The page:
Learning and Staff Development in an Age of On-Demand

Eleanor Kennedy Blog

We live in a world where demand and expectations drive quality of living, or at least what we perceive to be quality. Missed last night’s episode of Game of Thrones? No worries (okay, except for the danger of spoilers). You can literally speak into your remote control and your television will catch you up. Want to know the weather forecast for the next week? Siri will have your answer in a matter of seconds. Our expectations are growing dramatically with each passing year as a result of this desire for immediate delivery of what we want. The on-demand culture has not only affected our home life but our professional lives, too. Today’s workforce is expected to be immediately productive on everything needed for the job. But is this realistic? How are we supposed to be 100% knowledgeable when each release of a product has a whole new batch of features and functionality? Often, the user interface and UX are dramatically changed. The reality is that the rapidly changing nature of technology is in conflict with our on-demand desires. We want everything now, but we can’t have that, since everything changes too quickly. To meet this demand, we need to have ways to teach and learn more quickly. Company hierarchies must be willing to encourage learning and development within their workforce to truly get the best possible results from staff. What do you mean when you say, “learning and development”? Learning and development is exactly what you think it is. It’s a way …

How to Make Training Stick: A 30hands Lesson

Eleanor Kennedy Blog

Studies show that only 10% of skills presented to employees during training sessions are retained after 6 months. The reasons for this is something we have already discussed here and here. It’s a frustrating reality for the corporate trainer but how do we incite change to ensure that our workforces are more productive than they were yesterday, more in line with company policies, and perhaps most importantly, happier in their job? It’s all about commitment, from the very top down to the trainer and trainee. It would be virtually impossible for any company to successfully train its staff without the support of its highest representative. According to TrainingIndustry.com, this involves a commitment to change, and this doesn’t start with the employee being trained. It starts with leadership, for without the commitment of leadership, there can be no real change. But there must also be a commitment to execute, something which takes time, energy and insistence to adopt new beliefs. And then there’s the commitment of time. New beliefs, behaviors, skills and competencies take time to develop – more time than most people believe is necessary. No matter how good the training is, the actual acquisition of competencies is not gained in a single training. Those competencies are gained in the field, over time. This last point is perhaps the most important. The ease and ability to revisit training, as well as meaningful follow-up assessment is perhaps the key to retained skills. With 30hands video, this is possible while ensuring vital company …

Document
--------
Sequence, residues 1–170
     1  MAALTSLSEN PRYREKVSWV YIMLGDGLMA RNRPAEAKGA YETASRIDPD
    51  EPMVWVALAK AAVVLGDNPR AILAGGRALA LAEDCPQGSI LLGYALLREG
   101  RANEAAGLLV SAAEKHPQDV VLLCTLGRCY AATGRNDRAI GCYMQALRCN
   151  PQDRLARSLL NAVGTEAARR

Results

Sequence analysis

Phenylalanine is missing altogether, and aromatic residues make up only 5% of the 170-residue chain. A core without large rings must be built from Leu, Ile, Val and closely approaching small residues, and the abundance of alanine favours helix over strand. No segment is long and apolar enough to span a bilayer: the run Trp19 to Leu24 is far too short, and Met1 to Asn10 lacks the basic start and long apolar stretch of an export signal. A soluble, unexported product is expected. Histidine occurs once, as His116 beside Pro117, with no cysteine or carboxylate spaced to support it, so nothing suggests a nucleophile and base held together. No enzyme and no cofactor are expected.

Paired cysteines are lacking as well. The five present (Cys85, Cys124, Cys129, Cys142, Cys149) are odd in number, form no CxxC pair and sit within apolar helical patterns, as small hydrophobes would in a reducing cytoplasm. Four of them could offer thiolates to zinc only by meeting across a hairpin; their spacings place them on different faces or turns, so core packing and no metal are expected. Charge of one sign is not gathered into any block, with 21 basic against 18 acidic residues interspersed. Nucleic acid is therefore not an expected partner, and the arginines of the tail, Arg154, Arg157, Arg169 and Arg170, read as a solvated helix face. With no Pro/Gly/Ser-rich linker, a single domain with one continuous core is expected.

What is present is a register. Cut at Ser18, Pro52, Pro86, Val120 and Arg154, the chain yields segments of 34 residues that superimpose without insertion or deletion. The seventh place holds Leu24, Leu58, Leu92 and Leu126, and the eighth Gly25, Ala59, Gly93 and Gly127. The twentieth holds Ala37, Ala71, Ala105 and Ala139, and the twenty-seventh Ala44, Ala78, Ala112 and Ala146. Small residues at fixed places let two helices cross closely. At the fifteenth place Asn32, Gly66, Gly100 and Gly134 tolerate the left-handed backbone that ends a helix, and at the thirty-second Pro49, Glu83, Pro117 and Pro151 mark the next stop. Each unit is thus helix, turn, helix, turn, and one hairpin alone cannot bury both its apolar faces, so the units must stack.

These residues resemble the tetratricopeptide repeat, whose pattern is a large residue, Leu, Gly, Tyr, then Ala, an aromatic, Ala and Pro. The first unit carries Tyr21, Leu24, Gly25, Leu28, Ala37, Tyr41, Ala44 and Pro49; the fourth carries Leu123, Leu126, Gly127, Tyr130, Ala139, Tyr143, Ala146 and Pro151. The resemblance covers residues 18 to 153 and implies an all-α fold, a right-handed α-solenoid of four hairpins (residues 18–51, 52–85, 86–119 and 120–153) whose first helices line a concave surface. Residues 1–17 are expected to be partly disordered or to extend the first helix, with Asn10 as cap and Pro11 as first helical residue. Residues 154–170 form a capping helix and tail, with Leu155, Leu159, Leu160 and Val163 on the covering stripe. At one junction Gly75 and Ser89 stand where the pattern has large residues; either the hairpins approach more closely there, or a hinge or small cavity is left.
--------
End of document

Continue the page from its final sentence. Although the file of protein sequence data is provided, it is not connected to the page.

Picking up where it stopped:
Video Training and Millennials: The Perfect Match?